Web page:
Helix Producer 1

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Helix Producer 1 seen flaring natural gas in the Gulf of Mexico over the Phoenix Field.
  • Helix Producer 1
  • Karl Carstens (1986–2009)
Owner: Kommandor LLC
Operator: Helix Energy Solutions Group
Port of registry:  Bahamas, Nassau
Builder: Howaldtswerke-Deutsche Werft, Viktor Lenac Shipyard
Acquired: May 2, 1986
Status: Operational
Notes: [1]
General characteristics
Type: Multi-purpose offshore vessel
Tonnage: 17,357 GT
Length: 161.5 m (530 ft)
Beam: 29 m (95 ft)
Draught: 8.6 m (28 ft)
Depth: 14 m (46 ft)
  • Oil: 30,000 bbl/d (4,800 m3/d)
  • Gas: 70×10^6 cu ft/d (2.0×10^6 m3/d)
  • Water: 50,000 bbl/d (7,900 m3/d)
Notes: [1][2]

Helix Producer 1 is a ship-shaped monohull floating production and offloading vessel, converted from the ferry MV Karl Carstens. It has no storage capability.[2]

MV Karl Carstens[edit]

The ship was built in 1986 for Deutsche Bundesbahn as a roll-on roll-off (RORO) ferry serving on the Vogelfluglinie, a connection between Fehmarn, Germany and Denmark. It remained in service from 1986 until 1997.

Helix Producer 1[edit]

The ship was reconfigured as a Floating Production vessel and converted between 2006–2008 at the Viktor Lenac Shipyard in Croatia.[2][3] Topside production facilities were designed by OFD Engineering in Houston, Texas and installed in 2009 at the Kiewit shipyard in Corpus Christi, Texas, United States.[4]

Helix Producer 1 has a Disconectable Transfer system (DTS) designed and supplied by Flexible Engineered Solutions LTD (FES), UK, and consists of a riser buoy supporting sub-sea risers and control umbilicals that would be connected to a deep water well and can be released from the hull, allowing the vessel to move out of the way of an approaching hurricane. After the storm, the vessel would return to the site and reconnect the buoy resuming normal oil extraction. It is operated by the Helix Energy Solutions Group and was scheduled to operate on the Phoenix Oil Field in the Gulf of Mexico, but on June 14, 2010 Helix announced that the ship would be directed to assist BP at the Deepwater Horizon oil spill site.[5]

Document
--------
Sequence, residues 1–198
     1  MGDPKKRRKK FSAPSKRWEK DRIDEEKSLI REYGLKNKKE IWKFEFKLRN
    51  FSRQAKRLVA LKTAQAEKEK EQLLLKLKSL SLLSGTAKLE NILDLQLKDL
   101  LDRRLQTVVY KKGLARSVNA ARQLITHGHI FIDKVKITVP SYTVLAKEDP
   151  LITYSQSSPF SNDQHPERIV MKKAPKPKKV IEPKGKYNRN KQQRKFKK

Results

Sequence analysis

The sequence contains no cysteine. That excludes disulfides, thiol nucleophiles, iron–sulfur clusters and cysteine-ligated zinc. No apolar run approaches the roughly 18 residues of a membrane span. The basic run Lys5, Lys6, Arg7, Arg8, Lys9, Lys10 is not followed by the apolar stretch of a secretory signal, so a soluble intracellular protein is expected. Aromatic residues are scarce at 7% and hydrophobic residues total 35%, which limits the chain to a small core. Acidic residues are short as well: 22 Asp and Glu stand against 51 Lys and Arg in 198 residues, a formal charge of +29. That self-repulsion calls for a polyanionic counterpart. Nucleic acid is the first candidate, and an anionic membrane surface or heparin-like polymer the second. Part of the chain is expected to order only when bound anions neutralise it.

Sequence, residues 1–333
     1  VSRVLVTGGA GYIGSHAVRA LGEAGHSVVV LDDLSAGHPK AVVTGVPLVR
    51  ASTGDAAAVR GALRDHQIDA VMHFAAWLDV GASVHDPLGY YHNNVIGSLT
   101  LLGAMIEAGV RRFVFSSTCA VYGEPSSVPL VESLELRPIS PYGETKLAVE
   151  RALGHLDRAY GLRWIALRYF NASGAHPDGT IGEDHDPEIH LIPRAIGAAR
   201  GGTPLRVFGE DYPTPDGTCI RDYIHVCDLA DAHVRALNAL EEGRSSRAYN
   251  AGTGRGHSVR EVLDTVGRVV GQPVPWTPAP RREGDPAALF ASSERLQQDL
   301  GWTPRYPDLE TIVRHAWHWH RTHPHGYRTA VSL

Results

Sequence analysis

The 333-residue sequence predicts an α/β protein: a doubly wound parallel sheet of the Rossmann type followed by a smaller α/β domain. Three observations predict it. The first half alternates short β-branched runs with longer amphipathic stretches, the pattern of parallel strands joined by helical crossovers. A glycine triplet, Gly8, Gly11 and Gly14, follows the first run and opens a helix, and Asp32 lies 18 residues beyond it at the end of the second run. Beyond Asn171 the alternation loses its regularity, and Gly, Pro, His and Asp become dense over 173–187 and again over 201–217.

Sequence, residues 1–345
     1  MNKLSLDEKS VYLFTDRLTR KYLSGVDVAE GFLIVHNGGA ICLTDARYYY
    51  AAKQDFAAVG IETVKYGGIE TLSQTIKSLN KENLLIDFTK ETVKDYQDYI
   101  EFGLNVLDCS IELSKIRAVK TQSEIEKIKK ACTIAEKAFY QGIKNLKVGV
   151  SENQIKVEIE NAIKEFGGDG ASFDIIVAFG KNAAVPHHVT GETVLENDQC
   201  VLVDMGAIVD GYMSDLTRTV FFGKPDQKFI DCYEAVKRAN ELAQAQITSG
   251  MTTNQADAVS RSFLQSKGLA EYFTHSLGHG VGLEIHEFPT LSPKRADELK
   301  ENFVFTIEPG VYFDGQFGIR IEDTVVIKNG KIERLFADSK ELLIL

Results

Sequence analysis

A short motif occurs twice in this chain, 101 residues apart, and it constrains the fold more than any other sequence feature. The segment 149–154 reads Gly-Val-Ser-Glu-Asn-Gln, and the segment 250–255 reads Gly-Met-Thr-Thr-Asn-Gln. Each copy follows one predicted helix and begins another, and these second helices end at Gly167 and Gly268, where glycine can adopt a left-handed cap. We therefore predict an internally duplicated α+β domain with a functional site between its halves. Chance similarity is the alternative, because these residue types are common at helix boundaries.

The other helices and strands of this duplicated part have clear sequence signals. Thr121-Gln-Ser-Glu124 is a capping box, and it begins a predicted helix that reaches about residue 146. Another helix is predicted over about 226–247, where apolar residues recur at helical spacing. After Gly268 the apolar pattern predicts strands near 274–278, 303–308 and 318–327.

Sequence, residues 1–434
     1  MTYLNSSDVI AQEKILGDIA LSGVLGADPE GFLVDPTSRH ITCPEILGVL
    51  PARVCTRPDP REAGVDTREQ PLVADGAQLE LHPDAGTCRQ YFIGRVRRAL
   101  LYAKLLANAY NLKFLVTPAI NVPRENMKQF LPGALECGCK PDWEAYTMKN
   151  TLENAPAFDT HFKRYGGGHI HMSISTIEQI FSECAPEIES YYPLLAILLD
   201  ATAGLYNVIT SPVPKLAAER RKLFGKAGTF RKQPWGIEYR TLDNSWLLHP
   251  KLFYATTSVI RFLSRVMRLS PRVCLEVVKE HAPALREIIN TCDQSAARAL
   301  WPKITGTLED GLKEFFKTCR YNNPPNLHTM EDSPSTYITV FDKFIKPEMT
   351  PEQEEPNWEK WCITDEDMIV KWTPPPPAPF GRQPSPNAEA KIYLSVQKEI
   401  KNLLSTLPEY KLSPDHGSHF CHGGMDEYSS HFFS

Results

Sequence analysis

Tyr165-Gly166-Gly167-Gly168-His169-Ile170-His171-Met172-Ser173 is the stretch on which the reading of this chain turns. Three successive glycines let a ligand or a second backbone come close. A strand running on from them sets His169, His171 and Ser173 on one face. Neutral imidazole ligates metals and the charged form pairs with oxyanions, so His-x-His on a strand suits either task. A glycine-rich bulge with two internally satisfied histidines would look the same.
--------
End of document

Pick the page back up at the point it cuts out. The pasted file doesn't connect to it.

In its new configuration the ship has a length of 161.5 m (530 ft), a breadth of 29 m (95 ft) (increased from before 18 m (59 ft)), a depth of 14.2 m (47 ft), and a draft of 8.6 m (28 ft). The vessel has a maximum displacement of 29,000 t (29,000 long tons; 32,000 short tons), and as a light ship of 9,475 t (9,325 long tons; 10,444 short tons).[2]

Service at Deepwater Horizon site[edit]

BP announced in June 2010 that Helix Producer 1 would join Discoverer Enterprise and Toisa Pisces at the Deepwater Horizon site to process oil that is flowing from the deepwater well. While Discover Enterprise can process about 18,000 barrels (760,000 US gallons; 2,900 cubic metres) of oil per day, Helix Producer 1 can handle about 30,000 barrels.[6] The estimate of the uncontrolled oil flow at that time was up to 60,000 barrels. It was anticipated that Helix Producer 1 would be used for 2 months for this mission.[6] Oil from Helix Producer 1 was to be offloaded by a shuttle tanker. Starting in early August mud, later cement was pumped into the well, eventually closing it, so that by September 19, 2010, it could be announced that the Macondo Well had been finally killed.[7]


  1. ^ a b "Helix Producer 1 (30158)". DNV GL Vessel Register. Det Norske Veritas. Retrieved 3 July 2010.
  2. ^ a b c d Weinbel, Cory (April 26, 2007). "Use of a Ship-Shaped Floating Production Unit for the Phoenix Development" (PDF). Marine Technology Society. Archived from the original (PDF) on July 27, 2011. Retrieved June 15, 2010.
  3. ^ "Helix Producer 1 to be subject of MTS presentation" (Press release). Marine Technology Society. June 1, 2010. Retrieved June 16, 2010.
  4. ^ Maksoud, Judy (June 23, 2009). "Helix Producer I arrives in GoM". E&P. Hart Energy Publishing, LP. Retrieved June 16, 2010.
  5. ^ Staff writers (June 14, 2010). "Helix pushes back Phoenix to help PB". Upstream. NHST Media Group. Retrieved June 16, 2010.
  6. ^ a b Brenner, Noah; Guegel, Anthony (June 14, 2010). "Macondo flow estimate soars". Upstream Online. NHST Media Group. Retrieved June 15, 2010.
  7. ^ Campbell (2010-09-19). "Blown-out BP well finally killed at bottom of Gulf". Associated Press. Yahoo News Company. Archived from the original on 2010-09-21. Retrieved 2010-09-19.